Thursday, August 31, 2006

Online conference content done right

University of Michigan is one of the partners in Google's mass digitization program. They are a partner, not a supplier: they're not just surrendering their content to the Big G, but also host the digitized books themselves, and do a lot of research into what this means. In march, they held a symposium Scholarship and Libraries in Transition, with speakers such as Clifford Lynch and Tim O'Reilly.

The content is interesting, but I'll leave that for another time. The problems of mass digitization are, unfortunate as it may be, at the moment not yet relevant for most libraries. But we can also learn from the presentation. Now that's the way to do it! Not only are all the talks available in streaming video, but there was also a symposium blog. A mixture of more and less official posts with sometimes lively comments, made during and shortly after the conference, in which the energy of the event comes through. What a huge improvement over a website with powerpoint slides! There is a conversation going on in the blog, giving pointers to which talks to watch.

The last post is three weeks after, officially closing the comments. The blog stays online. Well done.

Tuesday, August 29, 2006

Being eaten from two sides

The Register has an interview with Colly Meyers of AQA. AQA offers an SMS answer-any-question-for-a-quid service, is apparently a phenonomon in the UK, and makes a decent profit. The interview centers on the 'demise of Google', though it might be a bit early for that, and Andrew Orlowski is always keen to predict the is nigh for the big G - you've got to look through that (not always easy, but worth it with El Reg).

From a library POV, the interesting thing is the service. This is a service which is on our turf! This is the work of the good old reference librarian, and here they are charging a quid and making profit with nine heads aboard.

Two observations. First, this once more establishes that there is a market for information, which includes a segment that is willing to pay good money for quality. Second, why have libraries left this to the market?

It's a wake-up call. We are being eaten, and not just by Google on one end, but on the other as well.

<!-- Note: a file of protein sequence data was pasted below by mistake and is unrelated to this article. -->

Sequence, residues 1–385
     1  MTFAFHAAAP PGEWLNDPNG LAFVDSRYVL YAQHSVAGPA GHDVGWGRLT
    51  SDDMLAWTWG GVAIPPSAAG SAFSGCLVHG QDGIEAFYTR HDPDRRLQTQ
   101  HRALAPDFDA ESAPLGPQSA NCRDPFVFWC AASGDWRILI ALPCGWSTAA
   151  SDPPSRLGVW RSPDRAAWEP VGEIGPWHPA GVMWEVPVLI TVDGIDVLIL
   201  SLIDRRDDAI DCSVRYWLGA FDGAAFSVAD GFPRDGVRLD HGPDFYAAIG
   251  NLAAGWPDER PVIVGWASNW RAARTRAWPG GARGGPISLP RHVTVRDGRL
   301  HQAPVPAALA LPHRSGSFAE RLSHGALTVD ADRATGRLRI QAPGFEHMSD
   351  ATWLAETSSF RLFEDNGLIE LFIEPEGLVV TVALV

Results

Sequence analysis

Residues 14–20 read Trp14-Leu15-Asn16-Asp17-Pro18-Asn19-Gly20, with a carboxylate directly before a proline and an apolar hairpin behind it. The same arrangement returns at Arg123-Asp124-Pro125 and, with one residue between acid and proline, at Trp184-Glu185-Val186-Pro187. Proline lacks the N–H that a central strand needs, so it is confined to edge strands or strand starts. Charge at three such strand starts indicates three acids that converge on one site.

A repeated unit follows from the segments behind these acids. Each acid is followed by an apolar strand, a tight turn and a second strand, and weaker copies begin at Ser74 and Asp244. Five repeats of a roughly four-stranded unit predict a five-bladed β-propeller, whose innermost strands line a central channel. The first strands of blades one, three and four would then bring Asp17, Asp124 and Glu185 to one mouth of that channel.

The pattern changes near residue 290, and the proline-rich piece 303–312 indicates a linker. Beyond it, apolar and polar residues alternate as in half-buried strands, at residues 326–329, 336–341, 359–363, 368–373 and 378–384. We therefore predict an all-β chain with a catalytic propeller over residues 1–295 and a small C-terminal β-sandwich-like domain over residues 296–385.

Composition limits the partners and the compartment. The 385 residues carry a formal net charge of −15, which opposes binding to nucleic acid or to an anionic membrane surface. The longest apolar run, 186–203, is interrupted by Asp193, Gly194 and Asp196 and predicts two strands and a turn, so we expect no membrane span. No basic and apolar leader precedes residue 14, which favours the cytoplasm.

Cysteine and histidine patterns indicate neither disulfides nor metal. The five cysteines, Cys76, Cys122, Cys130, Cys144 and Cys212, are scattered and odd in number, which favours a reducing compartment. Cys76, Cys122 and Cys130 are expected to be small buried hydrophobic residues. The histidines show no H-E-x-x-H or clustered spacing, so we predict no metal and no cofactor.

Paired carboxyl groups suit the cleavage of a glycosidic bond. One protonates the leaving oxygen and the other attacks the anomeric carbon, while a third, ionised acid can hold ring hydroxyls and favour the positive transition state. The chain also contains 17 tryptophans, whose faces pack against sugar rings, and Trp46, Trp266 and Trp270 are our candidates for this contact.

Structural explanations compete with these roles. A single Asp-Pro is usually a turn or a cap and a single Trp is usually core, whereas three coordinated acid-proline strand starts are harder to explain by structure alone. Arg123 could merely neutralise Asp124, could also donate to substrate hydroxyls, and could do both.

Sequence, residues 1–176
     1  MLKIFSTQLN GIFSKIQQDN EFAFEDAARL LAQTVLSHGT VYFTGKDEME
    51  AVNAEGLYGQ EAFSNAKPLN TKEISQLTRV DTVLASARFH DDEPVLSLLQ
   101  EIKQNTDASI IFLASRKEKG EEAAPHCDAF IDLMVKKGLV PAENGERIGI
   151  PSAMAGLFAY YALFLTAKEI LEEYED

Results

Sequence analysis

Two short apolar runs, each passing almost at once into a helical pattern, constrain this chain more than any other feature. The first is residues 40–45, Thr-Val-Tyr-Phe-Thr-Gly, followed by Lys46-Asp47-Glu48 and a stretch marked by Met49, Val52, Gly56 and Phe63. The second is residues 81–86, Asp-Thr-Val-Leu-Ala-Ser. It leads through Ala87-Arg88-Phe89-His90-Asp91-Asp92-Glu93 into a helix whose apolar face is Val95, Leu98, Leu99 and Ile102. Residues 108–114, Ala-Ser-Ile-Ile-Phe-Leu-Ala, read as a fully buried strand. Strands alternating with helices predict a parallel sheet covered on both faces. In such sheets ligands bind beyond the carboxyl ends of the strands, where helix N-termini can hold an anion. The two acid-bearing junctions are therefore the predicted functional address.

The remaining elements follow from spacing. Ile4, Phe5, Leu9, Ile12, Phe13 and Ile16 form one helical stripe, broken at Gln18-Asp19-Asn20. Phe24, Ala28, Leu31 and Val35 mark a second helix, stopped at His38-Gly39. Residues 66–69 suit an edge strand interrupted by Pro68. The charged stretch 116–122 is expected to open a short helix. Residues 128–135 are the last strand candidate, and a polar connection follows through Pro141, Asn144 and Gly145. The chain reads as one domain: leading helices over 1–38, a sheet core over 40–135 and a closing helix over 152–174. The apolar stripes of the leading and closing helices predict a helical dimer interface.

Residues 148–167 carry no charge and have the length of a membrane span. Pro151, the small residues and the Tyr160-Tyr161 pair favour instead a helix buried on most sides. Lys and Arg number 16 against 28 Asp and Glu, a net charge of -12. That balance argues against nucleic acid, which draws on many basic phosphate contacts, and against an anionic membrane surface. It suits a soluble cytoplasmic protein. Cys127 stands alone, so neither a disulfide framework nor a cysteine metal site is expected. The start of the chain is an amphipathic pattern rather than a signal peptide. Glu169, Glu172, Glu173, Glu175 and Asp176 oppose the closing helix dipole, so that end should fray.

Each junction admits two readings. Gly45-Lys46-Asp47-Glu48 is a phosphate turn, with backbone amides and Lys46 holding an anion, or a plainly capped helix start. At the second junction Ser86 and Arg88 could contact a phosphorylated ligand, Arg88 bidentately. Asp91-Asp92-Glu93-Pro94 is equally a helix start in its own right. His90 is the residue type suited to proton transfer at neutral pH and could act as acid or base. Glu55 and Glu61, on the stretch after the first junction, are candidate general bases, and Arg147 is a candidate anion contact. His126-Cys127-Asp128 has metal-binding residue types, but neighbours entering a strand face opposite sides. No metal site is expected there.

Monday, August 28, 2006

Spring is here!

The end of august 2006. Outside it's raining cats and dogs, inside I've just set up a new blog with the name Library Spring. The irony is hard to ignore.

Why Library Spring? The world of libraries is hardly blossoming. Another name could just as well have been Identity Crisis. But it is all too easy to be cynical, an protective mode to slip into.

Third paragraph already - let me introduce myself. My name is Driek Heesakkers, I work in the library of the University of Amsterdam, and this blog is intended as a work blog. It is not official, by no means, but a way to join the online discussion of the library world. I find myself adding more and more comments in my del.icio.us bookmarks tagged 'library'. The finaly drop was that one day after the opening day of TICER 2006, I met one of the Dutch Librarybloggers, just as I was bubbling over with observations and thoughts. Time for a blog on my thoughts on library innovation.

I have been blogging personally for a long time now (available with a quick google) but mostly avoided work. At the start of this experiment, these barriers will stay up, let's see how it goes.

Finally - why in English? Not just because, in the words of Henk Ellerman, English is an open standard, because the interesting conversations happen there, or because I'm used to it (blogging in Dutch just feels wrong). I like distance it creates with day-to-day routine (to which I hastily have to retreat now).